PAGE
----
KPMG family office and private client team partner Jo Bateson talks about the key takeaways from the UK Government’s Tax Administration and Maintenance Day.
When the UK government announced there would be a Tax Day 2 - i.e. another day where they publish a command paper and various consultations - I was intrigued especially as the Autumn Budget had been so quiet from a personal tax perspective. Perhaps it would explain the somewhat startling increases in capital gains tax (CGT) revenues expected over the next five years. However, when the day was crowned ‘Tax Administration and Maintenance Day’ or TAMD for short, to be honest, my interest waned a little. A day on tax administration is hard to get excited about even for someone like me who loves tax! So, when the day arrived on November 30, 2021, I did not expect much and in some ways, it lived up to my expectations. But in other ways it has opened up new possibilities. Never in my 20+-year career have I seen such a stable capital taxes environment – stability, simplification and succession are the key personal tax themes for the remainder of this Parliament.
So, first to the good news. We were awaiting the Government’s response to the Office of Tax Simplification’s (OTS) second review into Inheritance Tax (IHT) on how to simplify the technical design of IHT, which was published in July 2019; and they responded on TAMD. The Government said “… After careful consideration of your recommendations, the Government has decided not to proceed with any changes at the moment, but will bear your very valuable work in mind if the Government considers reform of IHT in the future”. So, what does this mean? The Government are not looking to make changes to the CGT uplift on death (one of the OTS’s recommendations where a relief from IHT applies) nor are they going to review our lifetime gifts regime.
But the key point is on Business Property Relief (BPR) where the OTS recommended a review to align the legislation with capital gains tax rules which would have resulted in a number of businesses struggling to qualify. The Government response on TAMD indicates there will be no such review during this Parliament, which is great news for those seeking stability and succession. It is disappointing that the Government have not taken the opportunity to update BPR for modern business making joint ventures and minority stakes in other trading businesses, nor have they addressed the issues arising from businesses adapting to be more environmental. However, I don’t want to underplay the good news here. The impact of stability in relation to BPR rules should not be underestimated, especially for family businesses who usually have a long-term horizon - they can now look seriously at succession within this Parliament with certainty on the rules and how they apply to them.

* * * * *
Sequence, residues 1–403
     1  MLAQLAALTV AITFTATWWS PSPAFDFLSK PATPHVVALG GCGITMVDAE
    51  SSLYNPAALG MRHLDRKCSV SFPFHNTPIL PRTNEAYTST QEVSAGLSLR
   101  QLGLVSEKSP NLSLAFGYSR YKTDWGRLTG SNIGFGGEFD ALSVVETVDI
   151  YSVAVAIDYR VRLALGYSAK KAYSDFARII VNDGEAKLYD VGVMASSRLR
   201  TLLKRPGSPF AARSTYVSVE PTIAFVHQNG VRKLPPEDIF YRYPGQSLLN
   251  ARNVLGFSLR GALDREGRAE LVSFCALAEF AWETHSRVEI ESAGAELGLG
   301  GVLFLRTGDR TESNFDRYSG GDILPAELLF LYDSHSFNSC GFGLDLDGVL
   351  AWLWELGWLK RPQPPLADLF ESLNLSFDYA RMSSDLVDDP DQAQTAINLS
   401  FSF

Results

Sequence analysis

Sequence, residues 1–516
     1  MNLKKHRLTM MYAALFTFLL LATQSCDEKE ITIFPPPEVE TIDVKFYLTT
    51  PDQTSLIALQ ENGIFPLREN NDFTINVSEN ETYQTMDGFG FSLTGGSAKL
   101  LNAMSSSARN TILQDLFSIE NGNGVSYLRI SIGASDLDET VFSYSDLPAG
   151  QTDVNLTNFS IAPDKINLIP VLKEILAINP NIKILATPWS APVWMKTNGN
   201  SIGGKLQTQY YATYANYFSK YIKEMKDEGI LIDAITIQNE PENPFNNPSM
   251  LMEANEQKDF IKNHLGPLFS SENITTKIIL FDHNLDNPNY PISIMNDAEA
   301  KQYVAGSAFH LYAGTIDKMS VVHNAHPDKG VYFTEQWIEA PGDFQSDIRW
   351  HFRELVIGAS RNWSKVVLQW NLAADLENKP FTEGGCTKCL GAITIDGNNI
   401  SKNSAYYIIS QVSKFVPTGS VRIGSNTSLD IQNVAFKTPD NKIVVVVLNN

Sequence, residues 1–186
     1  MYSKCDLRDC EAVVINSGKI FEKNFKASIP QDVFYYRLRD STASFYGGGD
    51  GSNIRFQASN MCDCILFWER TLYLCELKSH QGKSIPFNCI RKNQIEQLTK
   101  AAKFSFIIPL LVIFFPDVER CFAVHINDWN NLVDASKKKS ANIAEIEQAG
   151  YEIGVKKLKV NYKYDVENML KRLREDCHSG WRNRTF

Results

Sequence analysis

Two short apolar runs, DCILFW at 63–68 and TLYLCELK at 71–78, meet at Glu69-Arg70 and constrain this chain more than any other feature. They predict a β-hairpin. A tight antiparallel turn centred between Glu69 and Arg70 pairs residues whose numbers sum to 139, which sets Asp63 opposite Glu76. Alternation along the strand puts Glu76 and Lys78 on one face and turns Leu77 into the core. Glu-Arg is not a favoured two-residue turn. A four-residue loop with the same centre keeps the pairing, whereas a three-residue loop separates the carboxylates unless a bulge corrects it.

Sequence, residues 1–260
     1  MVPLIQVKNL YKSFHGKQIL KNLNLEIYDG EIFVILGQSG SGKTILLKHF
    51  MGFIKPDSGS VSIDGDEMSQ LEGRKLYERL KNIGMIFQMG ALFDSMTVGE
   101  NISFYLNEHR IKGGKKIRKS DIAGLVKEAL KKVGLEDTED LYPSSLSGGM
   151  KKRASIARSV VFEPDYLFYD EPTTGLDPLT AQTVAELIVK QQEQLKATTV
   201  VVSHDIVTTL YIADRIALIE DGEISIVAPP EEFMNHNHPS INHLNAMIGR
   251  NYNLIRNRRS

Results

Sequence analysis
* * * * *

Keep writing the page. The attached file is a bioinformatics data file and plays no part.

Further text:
So what did TAMD say about CGT? Again, we were awaiting a response to the OTS’s reviews of capital gains tax, which came on TAMD. The Government accepted five of the OTS’s recommendations which sit within the simplification theme – improving the single customer account, increasing the reporting window on the disposal of residential property to 60 days, consulting on extending the nil gain/nil loss rules on divorce and separation, review the roll-over relief provisions on compulsory purchase orders and improving HMRC’s guidance on a number of key areas. None of these on their own are particularly exciting, but the changes will address some specific areas which will be a real positive for those impacted. I know when helping my clients through separation and divorce, the current tax rules can give results that do not make sense, so a change to these rules could make a significant difference.
Five of the OTS’s recommendations were put in the ‘We may consider later’ bucket – some of them understandably as they are tricky issues. The tax profession longs for reform of the share pooling rules to make the preparation of tax returns more efficient so will be pleased to see ‘Consider’ next to this recommendation – part of the simplification theme. Also making main residence relief elections easier (one of the other ‘Consider’ recommendations) will be welcomed by all – our existing process is very clunky and prone to oversight due to its purely manual nature.
There were four OTS recommendations that were rejected by the Government. Each were on very specific issues – building homes in your garden, making gains in foreign currencies, changing the timing of tax payments on deferred consideration and removing inappropriate tax charges on the extension of a lease to the freeholder. For those impacted by these, I expect that they will be disappointed but for most these are not key issues.
It is great news from a personal tax perspective that there is certainty and stability in relation to capital taxes at least for the remainder of this Parliament. Stability, simplification and succession are the key personal tax themes from TAMD, but these themes can equally apply to clients. Having certainty on the taxation of capital for at least for the next 2-3 years opens up possibilities for those wanting to simplify their affairs and/or plan for their succession. A window of opportunity lies ahead for those who want it at least until the next general election and perhaps beyond.